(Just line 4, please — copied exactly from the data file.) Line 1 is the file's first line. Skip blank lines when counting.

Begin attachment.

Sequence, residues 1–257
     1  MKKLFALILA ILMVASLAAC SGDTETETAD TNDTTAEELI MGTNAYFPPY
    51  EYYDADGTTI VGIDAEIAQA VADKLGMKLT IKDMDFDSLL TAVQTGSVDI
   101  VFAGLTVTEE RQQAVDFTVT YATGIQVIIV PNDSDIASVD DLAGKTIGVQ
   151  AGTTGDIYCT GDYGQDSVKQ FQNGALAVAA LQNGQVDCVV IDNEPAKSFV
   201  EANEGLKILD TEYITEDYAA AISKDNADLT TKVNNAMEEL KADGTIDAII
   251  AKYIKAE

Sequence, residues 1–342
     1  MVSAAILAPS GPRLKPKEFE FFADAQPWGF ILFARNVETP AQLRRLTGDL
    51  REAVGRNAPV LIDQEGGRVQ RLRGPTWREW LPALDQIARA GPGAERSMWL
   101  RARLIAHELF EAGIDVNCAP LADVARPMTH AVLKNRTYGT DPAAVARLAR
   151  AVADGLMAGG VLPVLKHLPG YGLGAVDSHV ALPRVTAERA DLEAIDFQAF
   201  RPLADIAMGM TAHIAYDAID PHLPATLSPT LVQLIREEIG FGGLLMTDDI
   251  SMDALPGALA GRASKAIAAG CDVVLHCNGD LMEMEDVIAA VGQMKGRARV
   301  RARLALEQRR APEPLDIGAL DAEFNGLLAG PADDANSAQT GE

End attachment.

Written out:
   101  VFAGLTVTEE RQQAVDFTVT YATGIQVIIV PNDSDIASVD DLAGKTIGVQ